Socio-economic characteristics and perceptions of cattle keepers and constraints to cattle production in Western Kenya
Inyangala, B. O.
Junga, J. O.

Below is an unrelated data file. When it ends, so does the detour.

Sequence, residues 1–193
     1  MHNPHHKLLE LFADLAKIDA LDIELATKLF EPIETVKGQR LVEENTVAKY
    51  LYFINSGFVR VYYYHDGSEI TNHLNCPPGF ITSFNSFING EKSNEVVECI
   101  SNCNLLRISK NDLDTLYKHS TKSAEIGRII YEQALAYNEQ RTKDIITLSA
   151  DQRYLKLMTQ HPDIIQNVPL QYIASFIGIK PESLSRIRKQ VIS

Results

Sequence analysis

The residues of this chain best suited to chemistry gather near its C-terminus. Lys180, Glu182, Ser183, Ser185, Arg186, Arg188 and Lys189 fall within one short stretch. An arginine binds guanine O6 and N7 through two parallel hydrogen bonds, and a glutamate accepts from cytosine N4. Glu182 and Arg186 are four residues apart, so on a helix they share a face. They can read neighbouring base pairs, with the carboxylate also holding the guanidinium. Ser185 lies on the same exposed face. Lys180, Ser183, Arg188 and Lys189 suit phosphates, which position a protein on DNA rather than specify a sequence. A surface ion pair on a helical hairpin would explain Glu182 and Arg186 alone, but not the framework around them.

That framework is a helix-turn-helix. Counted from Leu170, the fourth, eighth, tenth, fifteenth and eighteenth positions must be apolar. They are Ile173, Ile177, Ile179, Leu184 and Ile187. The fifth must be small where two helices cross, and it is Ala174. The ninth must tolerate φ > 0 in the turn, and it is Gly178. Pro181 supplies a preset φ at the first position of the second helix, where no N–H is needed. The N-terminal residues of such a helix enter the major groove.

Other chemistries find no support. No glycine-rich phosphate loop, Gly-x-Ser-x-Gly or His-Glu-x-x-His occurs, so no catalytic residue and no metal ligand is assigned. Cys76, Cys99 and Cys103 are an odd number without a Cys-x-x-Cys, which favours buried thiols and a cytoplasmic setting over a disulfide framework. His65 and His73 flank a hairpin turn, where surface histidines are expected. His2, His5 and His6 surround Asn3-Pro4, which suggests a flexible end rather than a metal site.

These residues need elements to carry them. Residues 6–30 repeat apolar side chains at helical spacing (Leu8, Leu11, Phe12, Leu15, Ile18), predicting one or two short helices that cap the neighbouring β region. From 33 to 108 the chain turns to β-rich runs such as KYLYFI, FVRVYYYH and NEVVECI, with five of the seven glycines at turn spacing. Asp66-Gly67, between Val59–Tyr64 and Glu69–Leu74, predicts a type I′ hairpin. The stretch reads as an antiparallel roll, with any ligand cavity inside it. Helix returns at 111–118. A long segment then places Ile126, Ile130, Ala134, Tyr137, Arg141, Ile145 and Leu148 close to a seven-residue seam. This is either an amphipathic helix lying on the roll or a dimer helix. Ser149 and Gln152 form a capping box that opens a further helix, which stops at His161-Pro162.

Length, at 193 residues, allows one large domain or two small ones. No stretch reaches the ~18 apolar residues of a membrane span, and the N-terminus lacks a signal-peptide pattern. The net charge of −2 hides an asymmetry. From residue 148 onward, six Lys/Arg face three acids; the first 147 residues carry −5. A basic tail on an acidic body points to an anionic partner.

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A cross-sectional survey was done in two Districts in Western Kenya to determine the socio-economic characteristics and perceptions of the cattle types kept. This involved socio-economic profiles of households, herd structure, reasons for keeping specific types of cattle and production and marketing constraints together with desired policy interventions to address the constraints. A total of 210 farmers randomly selected were interviewed. The data was analysed using Statistical Analysis System program. The majority of farmers (84%) were males. The households surveyed had an average family size of 8 (± 4.7) members. The mean land holding was 7.8 acres, with 98% of them owning the land. Most of the farmers (64%) in the two districts were literate and were involved in farming (95%) as the primary livelihood. The majority (80%) of the households preferred keeping indigenous zebu cattle over the exotic cattle. The first three reasons for keeping zebu cattle were, in that order, work, especially ploughing (91%), milk (74%) and as a repository for wealth (32%), which accounted for about 62% of the respondents. Diseases (86%), inadequate and low quality feed (12%) and high cost of drugs (2%) were the major constraints to livestock productivity. The farmers also identified lack of market (48%), poor infrastructure (39%) and misuse by the middlemen traders (12%) as main marketing constraints. The survey showed that there is need for the effective implementation of policies on adequate financial aid and regulation of farm input prices to the farmers as well as improved livestock extension services to enhance the production of ruminant livestock.